To impose a tax upon. [Obs.]
To pay as one's personal tax.
The man that polled but twelve pence for his head.
To enter, as polls or persons, in a list or register; to enroll, esp. for purposes of taxation; to enumerate one by one.
Polling the reformed churches whether they equalize in number those of his three kingdoms.
To register or deposit, as a vote; to elicit or call forth, as votes or voters; as, he polled a hundred votes more than his opponent.
And poll for points of faith his trusty vote.
(Law) To cut or shave smooth or even; to cut in a straight line without indentation; as, a polled deed. See Dee? poll.
To poll a jury, to call upon each member of the jury to answer individually as to his concurrence in a verdict which has been rendered.
Poll \Poll\, v. i.
To vote at an election.
Douglas Harper's Etymology Dictionary
fem. proper name, short for Polly. Noted from 1620s as a parrot's name.
"head," early 14c., polle "hair of the head; piece of fur from the head of an animal," also "head," from Middle Low German or Middle Dutch pol "head, top." Sense extended early 14c. to "person, individual." Meaning "collection of votes" is first recorded 1620s, from notion of "counting heads;" meaning "survey of public opinion" is first recorded 1902. Poll tax, literally "head tax," is from 1690s. Literal use in English tends toward the part of the head where the hair grows.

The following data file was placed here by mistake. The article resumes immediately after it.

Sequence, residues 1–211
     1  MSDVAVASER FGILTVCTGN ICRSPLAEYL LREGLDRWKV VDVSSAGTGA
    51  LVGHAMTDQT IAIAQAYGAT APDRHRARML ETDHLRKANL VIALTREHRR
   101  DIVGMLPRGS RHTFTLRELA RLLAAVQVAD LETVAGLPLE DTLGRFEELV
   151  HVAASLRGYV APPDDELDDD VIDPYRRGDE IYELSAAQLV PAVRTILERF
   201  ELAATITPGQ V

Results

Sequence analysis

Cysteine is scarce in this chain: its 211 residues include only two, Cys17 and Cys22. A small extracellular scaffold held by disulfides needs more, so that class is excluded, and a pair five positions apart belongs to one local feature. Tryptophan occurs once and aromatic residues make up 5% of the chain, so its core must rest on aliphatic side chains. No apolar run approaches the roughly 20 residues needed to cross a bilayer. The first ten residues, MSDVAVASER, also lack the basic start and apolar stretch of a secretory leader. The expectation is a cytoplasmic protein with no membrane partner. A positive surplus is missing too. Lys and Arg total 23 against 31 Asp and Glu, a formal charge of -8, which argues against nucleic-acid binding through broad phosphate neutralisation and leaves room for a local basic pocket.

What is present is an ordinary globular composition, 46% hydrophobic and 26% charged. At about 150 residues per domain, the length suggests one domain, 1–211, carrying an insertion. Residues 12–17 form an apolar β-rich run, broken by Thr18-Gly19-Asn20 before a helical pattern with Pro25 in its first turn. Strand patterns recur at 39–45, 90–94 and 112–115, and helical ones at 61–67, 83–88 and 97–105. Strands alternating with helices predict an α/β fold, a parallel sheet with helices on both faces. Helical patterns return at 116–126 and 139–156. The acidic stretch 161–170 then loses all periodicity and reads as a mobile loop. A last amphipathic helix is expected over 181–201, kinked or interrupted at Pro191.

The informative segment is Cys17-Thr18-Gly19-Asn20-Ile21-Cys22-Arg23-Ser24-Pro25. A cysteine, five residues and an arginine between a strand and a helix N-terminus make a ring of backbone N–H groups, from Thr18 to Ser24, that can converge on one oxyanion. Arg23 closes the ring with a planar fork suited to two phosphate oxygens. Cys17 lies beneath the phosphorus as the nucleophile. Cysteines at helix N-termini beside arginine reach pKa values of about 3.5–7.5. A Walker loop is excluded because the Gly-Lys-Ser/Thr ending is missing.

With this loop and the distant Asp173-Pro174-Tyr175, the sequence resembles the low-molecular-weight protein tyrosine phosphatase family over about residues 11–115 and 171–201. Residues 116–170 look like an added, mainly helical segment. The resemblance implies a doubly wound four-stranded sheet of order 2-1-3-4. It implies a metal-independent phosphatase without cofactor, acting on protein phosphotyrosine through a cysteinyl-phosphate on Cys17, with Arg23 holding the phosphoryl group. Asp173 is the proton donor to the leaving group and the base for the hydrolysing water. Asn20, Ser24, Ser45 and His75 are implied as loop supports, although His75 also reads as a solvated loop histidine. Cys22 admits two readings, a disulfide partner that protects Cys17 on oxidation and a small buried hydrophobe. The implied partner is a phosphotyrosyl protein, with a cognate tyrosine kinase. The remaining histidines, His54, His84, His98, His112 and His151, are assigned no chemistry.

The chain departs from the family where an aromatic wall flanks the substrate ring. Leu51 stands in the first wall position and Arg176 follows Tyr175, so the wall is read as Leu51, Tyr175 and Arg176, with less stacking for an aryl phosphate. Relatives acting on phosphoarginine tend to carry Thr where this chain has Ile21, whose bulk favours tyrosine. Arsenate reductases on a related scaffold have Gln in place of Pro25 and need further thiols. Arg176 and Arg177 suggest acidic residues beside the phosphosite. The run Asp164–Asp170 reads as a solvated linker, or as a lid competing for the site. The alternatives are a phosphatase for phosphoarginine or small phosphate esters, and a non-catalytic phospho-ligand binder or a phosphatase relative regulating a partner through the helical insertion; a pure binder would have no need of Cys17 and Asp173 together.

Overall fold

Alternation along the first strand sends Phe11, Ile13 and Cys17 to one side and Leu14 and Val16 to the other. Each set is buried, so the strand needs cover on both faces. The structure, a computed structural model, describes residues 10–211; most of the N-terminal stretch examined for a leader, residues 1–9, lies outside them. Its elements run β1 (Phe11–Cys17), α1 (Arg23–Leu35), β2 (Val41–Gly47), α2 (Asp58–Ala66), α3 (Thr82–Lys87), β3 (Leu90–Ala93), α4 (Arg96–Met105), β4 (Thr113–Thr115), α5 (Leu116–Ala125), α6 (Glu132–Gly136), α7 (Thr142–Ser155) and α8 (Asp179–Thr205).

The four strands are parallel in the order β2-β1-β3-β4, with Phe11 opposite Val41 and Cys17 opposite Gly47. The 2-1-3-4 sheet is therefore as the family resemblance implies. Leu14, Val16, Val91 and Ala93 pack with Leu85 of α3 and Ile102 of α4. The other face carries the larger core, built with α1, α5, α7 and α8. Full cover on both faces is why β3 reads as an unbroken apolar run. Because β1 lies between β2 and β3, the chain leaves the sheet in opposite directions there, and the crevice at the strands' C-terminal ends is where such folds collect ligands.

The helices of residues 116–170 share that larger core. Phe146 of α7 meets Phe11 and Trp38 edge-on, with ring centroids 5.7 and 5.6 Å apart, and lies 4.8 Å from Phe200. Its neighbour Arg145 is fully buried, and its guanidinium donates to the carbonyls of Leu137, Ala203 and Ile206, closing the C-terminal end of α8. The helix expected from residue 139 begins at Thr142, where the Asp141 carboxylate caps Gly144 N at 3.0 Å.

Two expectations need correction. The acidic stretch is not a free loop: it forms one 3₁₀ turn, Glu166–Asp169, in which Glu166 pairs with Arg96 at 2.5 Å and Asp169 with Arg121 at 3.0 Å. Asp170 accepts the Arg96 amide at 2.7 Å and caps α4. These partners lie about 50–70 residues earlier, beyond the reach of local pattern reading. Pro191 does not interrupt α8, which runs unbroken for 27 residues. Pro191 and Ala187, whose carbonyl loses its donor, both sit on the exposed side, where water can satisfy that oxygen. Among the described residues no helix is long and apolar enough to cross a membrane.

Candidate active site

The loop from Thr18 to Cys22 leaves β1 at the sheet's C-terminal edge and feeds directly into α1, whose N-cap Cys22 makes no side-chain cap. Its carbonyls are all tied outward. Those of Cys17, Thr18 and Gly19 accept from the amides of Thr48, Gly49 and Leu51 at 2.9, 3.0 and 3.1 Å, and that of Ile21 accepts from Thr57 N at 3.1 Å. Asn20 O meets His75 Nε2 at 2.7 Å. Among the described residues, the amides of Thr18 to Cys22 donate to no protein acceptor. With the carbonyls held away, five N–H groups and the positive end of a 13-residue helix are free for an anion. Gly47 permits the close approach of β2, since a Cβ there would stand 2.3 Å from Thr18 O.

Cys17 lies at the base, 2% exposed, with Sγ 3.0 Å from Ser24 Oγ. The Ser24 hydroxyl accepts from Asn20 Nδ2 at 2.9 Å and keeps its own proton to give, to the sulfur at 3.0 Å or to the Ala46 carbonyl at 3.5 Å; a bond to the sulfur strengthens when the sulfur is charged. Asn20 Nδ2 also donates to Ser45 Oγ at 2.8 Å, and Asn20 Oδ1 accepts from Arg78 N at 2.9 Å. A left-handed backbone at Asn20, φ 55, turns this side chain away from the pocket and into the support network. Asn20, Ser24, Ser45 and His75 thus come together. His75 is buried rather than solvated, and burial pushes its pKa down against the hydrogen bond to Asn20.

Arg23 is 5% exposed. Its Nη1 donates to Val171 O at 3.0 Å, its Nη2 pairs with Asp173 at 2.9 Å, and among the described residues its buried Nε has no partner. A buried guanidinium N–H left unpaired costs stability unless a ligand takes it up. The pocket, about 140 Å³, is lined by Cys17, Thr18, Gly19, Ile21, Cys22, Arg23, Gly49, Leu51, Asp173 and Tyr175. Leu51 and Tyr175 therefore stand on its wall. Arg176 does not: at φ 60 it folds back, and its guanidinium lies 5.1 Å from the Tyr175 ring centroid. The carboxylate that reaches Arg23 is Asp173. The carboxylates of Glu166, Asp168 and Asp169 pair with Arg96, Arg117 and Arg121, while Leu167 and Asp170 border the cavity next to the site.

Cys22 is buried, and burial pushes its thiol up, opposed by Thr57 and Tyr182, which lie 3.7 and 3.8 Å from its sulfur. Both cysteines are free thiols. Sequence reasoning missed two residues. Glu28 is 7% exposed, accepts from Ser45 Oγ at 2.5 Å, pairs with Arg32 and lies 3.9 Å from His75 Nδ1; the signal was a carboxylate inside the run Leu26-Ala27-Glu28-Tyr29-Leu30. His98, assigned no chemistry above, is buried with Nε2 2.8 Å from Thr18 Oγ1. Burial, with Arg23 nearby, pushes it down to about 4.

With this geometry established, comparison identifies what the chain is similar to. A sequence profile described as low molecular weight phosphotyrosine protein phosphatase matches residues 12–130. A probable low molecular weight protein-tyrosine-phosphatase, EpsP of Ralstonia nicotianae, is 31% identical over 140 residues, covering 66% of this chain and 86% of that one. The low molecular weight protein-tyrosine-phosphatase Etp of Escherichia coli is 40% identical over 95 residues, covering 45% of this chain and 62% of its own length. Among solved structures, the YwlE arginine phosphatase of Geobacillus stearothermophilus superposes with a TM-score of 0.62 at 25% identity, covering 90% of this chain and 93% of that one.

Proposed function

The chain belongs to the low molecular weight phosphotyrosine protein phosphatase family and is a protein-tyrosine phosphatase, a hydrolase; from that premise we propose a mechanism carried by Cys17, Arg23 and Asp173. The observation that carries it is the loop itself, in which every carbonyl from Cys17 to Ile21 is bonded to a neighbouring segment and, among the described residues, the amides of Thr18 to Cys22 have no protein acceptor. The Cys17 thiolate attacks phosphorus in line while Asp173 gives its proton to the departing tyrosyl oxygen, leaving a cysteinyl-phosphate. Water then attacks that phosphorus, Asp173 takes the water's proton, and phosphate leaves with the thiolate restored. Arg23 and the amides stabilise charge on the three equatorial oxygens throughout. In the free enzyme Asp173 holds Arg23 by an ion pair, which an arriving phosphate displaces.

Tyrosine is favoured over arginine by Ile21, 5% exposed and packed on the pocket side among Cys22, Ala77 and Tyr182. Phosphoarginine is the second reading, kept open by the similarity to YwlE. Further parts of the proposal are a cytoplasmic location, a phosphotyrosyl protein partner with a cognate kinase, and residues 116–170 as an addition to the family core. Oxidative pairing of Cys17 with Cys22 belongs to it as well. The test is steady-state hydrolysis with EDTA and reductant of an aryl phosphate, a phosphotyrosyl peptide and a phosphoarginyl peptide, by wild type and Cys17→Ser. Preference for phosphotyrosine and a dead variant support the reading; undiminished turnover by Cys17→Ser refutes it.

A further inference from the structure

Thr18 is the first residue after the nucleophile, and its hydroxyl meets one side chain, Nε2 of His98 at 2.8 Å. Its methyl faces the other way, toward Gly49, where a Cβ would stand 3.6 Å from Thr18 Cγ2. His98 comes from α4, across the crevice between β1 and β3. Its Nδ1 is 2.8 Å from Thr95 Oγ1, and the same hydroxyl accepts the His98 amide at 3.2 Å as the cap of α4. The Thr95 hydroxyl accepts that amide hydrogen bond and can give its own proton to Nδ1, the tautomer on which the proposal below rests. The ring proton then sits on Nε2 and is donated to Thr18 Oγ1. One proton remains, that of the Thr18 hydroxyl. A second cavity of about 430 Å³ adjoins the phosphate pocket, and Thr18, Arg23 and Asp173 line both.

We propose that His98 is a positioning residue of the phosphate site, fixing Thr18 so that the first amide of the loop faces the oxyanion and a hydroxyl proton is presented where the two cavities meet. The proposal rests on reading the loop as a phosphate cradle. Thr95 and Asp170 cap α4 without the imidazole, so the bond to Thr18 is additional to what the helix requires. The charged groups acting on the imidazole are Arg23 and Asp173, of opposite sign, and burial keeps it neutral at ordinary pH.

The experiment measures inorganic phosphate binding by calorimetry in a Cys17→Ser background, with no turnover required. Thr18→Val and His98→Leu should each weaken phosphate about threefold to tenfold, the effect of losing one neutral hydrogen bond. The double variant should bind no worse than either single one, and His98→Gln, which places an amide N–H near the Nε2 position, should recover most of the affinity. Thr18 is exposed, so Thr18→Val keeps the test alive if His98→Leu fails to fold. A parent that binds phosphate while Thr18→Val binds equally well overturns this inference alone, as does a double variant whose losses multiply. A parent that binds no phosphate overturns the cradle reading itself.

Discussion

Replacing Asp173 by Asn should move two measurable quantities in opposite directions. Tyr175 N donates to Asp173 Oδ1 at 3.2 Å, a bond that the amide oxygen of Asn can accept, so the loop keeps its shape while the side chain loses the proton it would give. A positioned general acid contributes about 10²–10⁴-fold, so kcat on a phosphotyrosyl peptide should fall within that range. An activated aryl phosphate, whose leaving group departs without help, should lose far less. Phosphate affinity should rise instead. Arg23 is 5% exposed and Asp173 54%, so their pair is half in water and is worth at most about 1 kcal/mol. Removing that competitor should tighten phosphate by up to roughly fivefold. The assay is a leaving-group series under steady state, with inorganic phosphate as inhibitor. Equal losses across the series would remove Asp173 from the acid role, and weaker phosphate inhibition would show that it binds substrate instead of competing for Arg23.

"to cut, trim," late 14c., "to cut short the hair" (of an animal or person), from poll (n.). Of trees or plants from 1570s. Related: Polled; polling.
(context of kinds of livestock which typically have horns English) Bred without horns, and thus hornless. alt. 1 A survey of people, usually statistically analyzed to gauge wider public opinion. 2 A formal election. 3 A polling place (context usually as plural polling places English) 4 (context now obsolete except in veterinary contexts) The head, particularly the scalp or pate upon which hair (normally) grows 5 (context: in extended senses of the above) A mass of people, a mob or muster, considered as a head count. 6 The broad or butt end of an axe or a hammer. 7 The pollard or European chub, a kind of fish. n. 1 A survey of people, usually statistically analyzed to gauge wider public opinion. 2 A formal election. 3 A polling place (context usually as plural polling places English) 4 (context now obsolete except in veterinary contexts) The head, particularly the scalp or pate upon which hair (normally) grows 5 (context: in extended senses of the above) A mass of people, a mob or muster, considered as a head count. 6 The broad or butt end of an axe or a hammer. 7 The pollard or European chub, a kind of fish. v